Workers' Compensation Hearings for Injured City of Chicago Employees
Like some big businesses, the City of Chicago is self-insured for workers’ compensation claims. This means, unlike most employers, it doesn’t rely on an insurance company to process and make payments to those who are injured on the job while under its employ. Instead it assesses claims and makes those payments itself. Like insurers, however, the City may deny valid claims for benefits. If you have questions about workers’ compensation hearings for injured City of Chicago employees, we may be able to help. We can review the facts of your case and assist you in identifying your legal options going forward. The experienced Chicago workers’ compensation lawyers at our firm are prepared to guide you through the process of seeking benefits.Workers’ Compensation Hearings
Working for the City of Chicago can involve exposure to numerous dangers. The City may receive notice of your injury but not take it seriously and fail to pay you the medical benefits and disability benefits to which you’re entitled. The City could deny your claim for many different reasons including the belief that the injury isn’t work-related, or that the injury doesn’t warrant time off work or significant medical care. Your claim may also be denied if you didn’t provide notice within 45 days.
If the City of Chicago denies you benefits as its employee, it must send you an explanation of the denial of benefits in writing. If you don’t receive this written explanation, you should contact the City to get it. As an injured worker in Illinois who is denied workers’ compensation benefits, you can submit your claim to the Illinois Workers’ Compensation Commission (IWCC) and ask for a hearing before one of its arbitrators.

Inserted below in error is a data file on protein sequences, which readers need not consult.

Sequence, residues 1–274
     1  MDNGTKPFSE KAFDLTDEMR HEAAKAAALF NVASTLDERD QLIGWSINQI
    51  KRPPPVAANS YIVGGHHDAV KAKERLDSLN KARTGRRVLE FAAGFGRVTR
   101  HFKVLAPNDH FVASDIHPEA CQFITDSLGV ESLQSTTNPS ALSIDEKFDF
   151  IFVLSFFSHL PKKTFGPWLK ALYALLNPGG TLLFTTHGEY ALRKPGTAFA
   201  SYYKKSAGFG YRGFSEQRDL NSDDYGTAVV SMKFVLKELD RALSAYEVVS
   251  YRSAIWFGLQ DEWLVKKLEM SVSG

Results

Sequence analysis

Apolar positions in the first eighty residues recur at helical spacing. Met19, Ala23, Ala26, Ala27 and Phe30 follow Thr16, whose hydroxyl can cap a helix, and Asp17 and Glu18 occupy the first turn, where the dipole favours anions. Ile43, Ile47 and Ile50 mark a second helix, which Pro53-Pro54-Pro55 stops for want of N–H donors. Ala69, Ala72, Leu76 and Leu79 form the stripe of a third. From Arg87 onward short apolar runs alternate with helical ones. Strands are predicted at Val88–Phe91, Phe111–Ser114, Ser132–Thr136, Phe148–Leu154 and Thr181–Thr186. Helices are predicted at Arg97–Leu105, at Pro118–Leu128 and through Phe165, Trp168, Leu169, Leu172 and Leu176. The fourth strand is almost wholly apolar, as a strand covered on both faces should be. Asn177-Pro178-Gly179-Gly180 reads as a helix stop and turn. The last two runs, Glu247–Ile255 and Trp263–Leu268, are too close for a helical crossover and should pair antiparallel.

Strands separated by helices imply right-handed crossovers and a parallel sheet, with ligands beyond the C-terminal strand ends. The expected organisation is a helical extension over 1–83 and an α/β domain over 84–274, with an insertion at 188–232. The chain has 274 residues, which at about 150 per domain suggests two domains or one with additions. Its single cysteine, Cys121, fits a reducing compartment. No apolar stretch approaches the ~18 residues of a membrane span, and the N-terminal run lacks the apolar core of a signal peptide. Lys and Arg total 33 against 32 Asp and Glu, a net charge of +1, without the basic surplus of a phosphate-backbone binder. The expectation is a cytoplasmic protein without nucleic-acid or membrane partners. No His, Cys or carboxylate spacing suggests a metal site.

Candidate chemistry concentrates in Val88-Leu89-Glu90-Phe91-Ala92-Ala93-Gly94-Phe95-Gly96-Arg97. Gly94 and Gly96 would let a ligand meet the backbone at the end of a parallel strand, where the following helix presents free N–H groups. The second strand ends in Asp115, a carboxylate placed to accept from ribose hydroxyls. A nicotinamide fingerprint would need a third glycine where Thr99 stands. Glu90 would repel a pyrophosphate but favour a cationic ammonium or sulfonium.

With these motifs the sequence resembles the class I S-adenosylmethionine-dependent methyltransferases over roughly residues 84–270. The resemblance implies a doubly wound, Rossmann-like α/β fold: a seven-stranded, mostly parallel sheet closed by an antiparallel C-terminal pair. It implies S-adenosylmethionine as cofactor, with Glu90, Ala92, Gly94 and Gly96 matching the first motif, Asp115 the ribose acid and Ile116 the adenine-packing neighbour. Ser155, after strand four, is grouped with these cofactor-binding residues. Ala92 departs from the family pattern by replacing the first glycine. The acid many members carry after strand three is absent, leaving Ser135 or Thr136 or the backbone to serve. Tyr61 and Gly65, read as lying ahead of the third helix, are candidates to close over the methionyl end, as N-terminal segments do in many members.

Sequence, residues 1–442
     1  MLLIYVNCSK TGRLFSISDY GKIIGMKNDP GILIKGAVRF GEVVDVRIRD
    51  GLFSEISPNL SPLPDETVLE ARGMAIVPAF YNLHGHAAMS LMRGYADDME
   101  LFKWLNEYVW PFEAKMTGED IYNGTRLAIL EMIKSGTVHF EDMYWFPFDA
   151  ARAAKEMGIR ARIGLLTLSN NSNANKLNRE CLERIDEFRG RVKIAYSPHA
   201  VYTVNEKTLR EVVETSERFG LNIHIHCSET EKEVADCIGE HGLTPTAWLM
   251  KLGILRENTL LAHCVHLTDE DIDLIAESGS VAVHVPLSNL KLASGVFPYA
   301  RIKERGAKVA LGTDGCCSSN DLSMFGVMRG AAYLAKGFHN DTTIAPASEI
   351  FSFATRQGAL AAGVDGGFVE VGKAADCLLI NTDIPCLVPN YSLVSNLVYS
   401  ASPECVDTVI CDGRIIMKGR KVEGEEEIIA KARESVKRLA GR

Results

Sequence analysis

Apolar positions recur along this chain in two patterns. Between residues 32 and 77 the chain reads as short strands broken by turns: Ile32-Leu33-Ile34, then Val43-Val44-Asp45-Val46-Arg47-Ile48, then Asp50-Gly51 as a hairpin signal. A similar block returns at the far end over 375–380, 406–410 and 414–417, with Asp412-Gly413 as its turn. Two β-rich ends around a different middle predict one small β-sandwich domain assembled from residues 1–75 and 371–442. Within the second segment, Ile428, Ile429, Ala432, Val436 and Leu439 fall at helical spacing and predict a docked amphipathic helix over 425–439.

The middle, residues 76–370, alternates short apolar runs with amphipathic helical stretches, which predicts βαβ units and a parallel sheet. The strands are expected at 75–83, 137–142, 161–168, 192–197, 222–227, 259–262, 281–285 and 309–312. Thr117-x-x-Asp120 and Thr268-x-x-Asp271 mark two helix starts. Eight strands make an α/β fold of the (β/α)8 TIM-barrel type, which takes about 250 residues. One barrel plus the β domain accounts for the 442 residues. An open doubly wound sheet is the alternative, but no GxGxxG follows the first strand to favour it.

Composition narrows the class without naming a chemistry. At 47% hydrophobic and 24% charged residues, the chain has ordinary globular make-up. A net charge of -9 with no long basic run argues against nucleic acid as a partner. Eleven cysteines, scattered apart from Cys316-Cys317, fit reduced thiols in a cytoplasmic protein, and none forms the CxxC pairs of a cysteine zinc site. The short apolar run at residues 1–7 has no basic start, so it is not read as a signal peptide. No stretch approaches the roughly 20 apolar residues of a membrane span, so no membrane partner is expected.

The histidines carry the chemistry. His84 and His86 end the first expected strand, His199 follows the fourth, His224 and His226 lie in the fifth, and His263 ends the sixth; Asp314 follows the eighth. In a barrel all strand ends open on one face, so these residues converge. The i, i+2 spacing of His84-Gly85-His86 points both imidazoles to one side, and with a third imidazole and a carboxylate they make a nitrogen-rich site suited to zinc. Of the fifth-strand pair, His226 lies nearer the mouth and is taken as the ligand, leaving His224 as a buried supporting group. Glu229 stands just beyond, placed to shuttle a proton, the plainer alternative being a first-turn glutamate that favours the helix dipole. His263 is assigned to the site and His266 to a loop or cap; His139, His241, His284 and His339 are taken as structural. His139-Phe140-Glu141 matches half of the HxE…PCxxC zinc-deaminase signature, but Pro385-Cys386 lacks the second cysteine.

Generally, before the hearing, the City can ask you to see a doctor for an independent medical exam (IME). In many cases, certain doctors are hired by employers or insurers to perform an IME because they tend to make conservative recommendations and often deny workers’ claims. The exam may be brief, but it is important.What Happens at a Hearing?
A workers’ compensation hearing for an injured City of Chicago employee is held before an arbitrator who hears both parties’ cases. The hearing is similar to a trial at which it’s determined whether or not the City of Chicago needs to accept your workers’ compensation claim. In order to get a hearing, you’ll need to file an Application for Adjustment of Claim as well as a proof of service. The Application must be filed within three years of your injury or within two years of your most recent compensation payment, if that is later. After the Application is filed, you’ll be assigned a case number and arbitrator.
If you didn’t go back to work for the City after suffering an injury and you haven’t been paid medical benefits or temporary total disability payments, you can request an expedited or immediate hearing under section 19(b). Once you file the petition, you receive a final judgment within 180 days. The final judgment will indicate whether you should be paid medical benefits or disability.
An attorney will represent the City of Chicago at the hearing. In order to have a level playing field, it is advisable to retain your own lawyer to advocate for you at the hearing.Appeals
If you aren’t happy with the arbitrator’s decision at the hearing, you may be able to appeal to overturn the decision. An appeal can be initiated by filing a petition for review within 30 days of the arbitrator’s decision. Your appeal will be heard by three people on the IWCC.Workers’ Compensation Attorneys Serving Chicago
You may have a lot of questions about workers’ compensation hearings for injured City of Chicago employees if you have been hurt on the job as a City worker. It’s important to seek representation and to consult with a knowledgeable lawyer about your situation. At Katz, Friedman, Eisenstein, Johnson, Bareck & Bertuca, we may be able to help you. We can represent any city employee in or around Quincy, Champaign, Aurora and Rockford, as well as throughout Winnebago, Kane, Adams, Sangamon, and Cook Counties. Call us at 312-263-6330 or 800-444-1525 or contact us via our online form.